SA: The violent crime crisis and the war against women

SA: The violent crime crisis and the war against women

Date: June 7, 2022
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By Susan Tolmay,

Johannesburg, 7 June: On 3 June 2022,  Minister of Police, Bheki Cele presented the quarterly crime statistics for reported crimes in the period 1 January to 31 March 2022 which he noted were especially brutal for women and children.


The statistics present a number of worrying trends.  Overall, there has been a 9,3% increase in reported crimes in the country, which is troubling. But this number masks even more alarming spikes in violent crime, especially against women and children, with double digit increases in these crimes.


There were 6 083 murders in the first three months of 2022, 1 107 more murders or a 22% increase for the same period last year.  This works out to 77 murders a day.  Of these murders 898 (15%) were of women, an increase of 134 (17,5%) for the same period last year.  And the murder of children under the age of 17 years has increased 37,2% to 306 murders in the three month period.  Eighty percent of murders were of men or people who identify as male.


If I could make a tragic comparison.  There were more murders in South Africa over the 79-day period than there have been civilian deaths in the 100 days of Russia’s invasion of Ukraine, making South Africa a more dangerous place than a war zone. South Africans are at war with each other.

The biggest causative factors for murder are arguments/misunderstanding (not domestic-related)/Road Rage/Provocation followed by vigilantism/mob justice and retaliation/revenge/punishment, crimes largely perpetrated by men, and which point to some of the toxic masculinity displayed in society.

Masculinity is a social construct, rooted in power and patriarchy and built on the idea that men are supposed to act in a certain way according to certain notions of the ideal man, such as being physically strong, the protector of the family, he takes part in masculine activities and risky behaviours, and that he is sexually virulent.  Toxic masculinity is where the notions and ideals of what it means to be a man lead to dire consequences for the man himself, and/ or for the people around him and is one of the major reasons for sexual and gender-based violence (SGBV)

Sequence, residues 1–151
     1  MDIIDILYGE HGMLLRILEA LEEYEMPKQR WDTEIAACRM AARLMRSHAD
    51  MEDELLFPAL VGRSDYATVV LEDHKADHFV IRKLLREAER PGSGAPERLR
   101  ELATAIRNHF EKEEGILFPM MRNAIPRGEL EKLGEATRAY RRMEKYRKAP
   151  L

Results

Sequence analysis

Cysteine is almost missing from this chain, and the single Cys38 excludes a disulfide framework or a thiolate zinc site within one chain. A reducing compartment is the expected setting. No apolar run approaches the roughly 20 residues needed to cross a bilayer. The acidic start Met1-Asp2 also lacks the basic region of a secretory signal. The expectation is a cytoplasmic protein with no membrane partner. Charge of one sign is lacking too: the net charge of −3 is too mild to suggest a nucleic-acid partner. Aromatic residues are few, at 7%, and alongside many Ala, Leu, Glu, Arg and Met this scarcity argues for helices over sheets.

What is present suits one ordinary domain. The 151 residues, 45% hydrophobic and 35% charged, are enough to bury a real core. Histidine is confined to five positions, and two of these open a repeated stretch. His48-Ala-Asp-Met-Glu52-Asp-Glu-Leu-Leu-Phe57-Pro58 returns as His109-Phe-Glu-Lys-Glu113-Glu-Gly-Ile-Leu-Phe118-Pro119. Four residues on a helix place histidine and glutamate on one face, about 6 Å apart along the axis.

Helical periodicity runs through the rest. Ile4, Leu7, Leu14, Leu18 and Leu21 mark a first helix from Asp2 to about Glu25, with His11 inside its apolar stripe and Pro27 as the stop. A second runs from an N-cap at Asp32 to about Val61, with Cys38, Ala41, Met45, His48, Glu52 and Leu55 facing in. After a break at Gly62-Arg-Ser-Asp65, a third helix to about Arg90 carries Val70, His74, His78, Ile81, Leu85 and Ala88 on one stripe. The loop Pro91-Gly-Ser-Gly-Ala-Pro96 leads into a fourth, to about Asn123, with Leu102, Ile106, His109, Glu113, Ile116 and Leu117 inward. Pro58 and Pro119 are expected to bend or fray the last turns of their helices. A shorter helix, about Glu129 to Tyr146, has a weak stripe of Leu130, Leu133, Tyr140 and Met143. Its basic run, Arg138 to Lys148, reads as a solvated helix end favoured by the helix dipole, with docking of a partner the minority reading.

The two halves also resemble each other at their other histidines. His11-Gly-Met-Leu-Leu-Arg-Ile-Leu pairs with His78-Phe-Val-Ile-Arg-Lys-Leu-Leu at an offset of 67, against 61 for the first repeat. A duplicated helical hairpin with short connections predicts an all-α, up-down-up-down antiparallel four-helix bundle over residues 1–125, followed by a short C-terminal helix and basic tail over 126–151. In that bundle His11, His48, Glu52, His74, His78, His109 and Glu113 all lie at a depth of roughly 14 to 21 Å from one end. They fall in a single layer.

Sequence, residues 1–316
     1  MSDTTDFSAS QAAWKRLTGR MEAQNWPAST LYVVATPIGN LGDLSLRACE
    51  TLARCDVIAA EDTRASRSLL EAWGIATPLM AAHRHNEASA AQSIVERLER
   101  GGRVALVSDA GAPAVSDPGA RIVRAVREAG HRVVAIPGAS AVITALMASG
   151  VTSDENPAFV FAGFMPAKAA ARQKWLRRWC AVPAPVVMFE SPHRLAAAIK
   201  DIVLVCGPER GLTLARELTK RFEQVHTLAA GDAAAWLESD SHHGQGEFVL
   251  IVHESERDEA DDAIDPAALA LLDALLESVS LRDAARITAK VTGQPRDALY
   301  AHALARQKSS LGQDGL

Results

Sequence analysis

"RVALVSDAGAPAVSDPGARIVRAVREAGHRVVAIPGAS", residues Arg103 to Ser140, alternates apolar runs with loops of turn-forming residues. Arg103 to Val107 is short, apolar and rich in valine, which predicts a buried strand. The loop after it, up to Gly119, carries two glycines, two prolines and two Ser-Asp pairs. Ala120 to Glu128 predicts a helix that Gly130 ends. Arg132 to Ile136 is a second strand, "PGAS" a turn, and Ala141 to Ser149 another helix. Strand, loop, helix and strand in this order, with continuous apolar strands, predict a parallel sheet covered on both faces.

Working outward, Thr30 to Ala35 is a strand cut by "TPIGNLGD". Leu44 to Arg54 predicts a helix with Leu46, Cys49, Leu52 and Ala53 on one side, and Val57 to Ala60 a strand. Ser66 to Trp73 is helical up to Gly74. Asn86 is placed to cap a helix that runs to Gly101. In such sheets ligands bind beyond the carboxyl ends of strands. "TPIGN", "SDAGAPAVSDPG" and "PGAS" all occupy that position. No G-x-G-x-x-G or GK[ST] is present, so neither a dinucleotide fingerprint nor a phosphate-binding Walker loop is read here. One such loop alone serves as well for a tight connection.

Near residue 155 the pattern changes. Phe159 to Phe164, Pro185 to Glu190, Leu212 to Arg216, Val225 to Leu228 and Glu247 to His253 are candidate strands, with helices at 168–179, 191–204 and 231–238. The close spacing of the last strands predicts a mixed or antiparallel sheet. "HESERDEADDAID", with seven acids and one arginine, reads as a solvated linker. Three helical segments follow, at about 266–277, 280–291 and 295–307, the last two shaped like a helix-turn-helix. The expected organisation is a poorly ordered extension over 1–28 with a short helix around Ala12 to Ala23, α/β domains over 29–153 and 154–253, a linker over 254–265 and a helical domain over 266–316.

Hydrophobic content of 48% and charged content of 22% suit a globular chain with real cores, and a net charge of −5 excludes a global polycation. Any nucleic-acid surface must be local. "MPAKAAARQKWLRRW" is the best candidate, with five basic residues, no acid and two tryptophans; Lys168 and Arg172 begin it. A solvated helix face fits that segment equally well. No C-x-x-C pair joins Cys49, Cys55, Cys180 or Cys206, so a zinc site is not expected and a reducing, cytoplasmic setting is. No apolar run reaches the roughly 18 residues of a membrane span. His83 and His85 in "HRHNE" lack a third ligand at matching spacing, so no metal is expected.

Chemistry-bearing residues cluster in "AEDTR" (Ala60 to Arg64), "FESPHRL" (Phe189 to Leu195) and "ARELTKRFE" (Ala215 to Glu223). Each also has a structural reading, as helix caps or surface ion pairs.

This toxic masculinity plays out in the home, the workplace, public space and politics and is evidenced in the shockingly high number of rapes and sexual assaults that take place daily.  In total, sexual offences increased by 13.7% to 13,799 – the majority of the reported offences being rape. In the first three months of this year, 10 818 rapes took place, that’s 137 rapes a day, or six rapes per hour. And that is just the rapes that are reported, but we know there is significant under reporting of rape and sexual violence.  Almost half, 4,653, of these rapes took place at the home of the rape victim or the home of the rapist.

Sex-disaggregated data on selected domestic violence related crimes during the reporting period tells a stark story of the war taking place in the home, where women are the majority of the victims. Women were 95% of rape victims and 96% of sexual assault victims. Eighty eight percent or 12,314 incidents of common assault in the home were perpetrated against women. Sex disaggregated data on victims of all crimes, as well as their sexual orientation and gender identity, and data on the perpetrators of these crimes, would shed more light on the gender dimensions of crime in the country.

But the high levels of femicide and SGBV is not a new phenomenon and feminist and women’s rights activists have been ringing the alarm bell for many years. In August 2018 thousands of women said enough is enough and embarked on demonstrations across South Africa to protest the scourge of gender-based violence, through the #TotalShutdown campaign. Since then there has been a lot of talk about how to address SGBV in the country.

In November 201,  the government partnered with non-governmental organisations to hold a National Gender Summit, which resulted in the development of the National Strategic Plan (NSP) on Gender-Based Violence and Femicide (GBVF), which was launched on 30 April 2020. In 2021 the president committed R12 billion of government funds, over three years, to implement the NSP on GBVF, an unprecedented show of a financial commitment to address GBVF.  What is not clear is how this money has been allocated.  But despite the government’s commitment to addressing gender-inequality the 2022 Budget speech makes no mention of addressing violence, discrimination and inequality of women.

Although these are all steps in the right direction, feminists and women’s rights activists are frustrated by the lack of progress in meeting the 24 Demands put forward by the #TotalShutdown, there is too much talk and too little action and accountability.

The latest crime statistics show, once again, that South Africa needs to urgently address the violent crime crisis in the country. If something is not done to understand and address the root causes of violent crime in the country, more women will die, and we will be telling the same story this time next year.

Susan Tolmay is the  Gender Links Gender and Governance Associate. This story is part of the Gender Links  news series.


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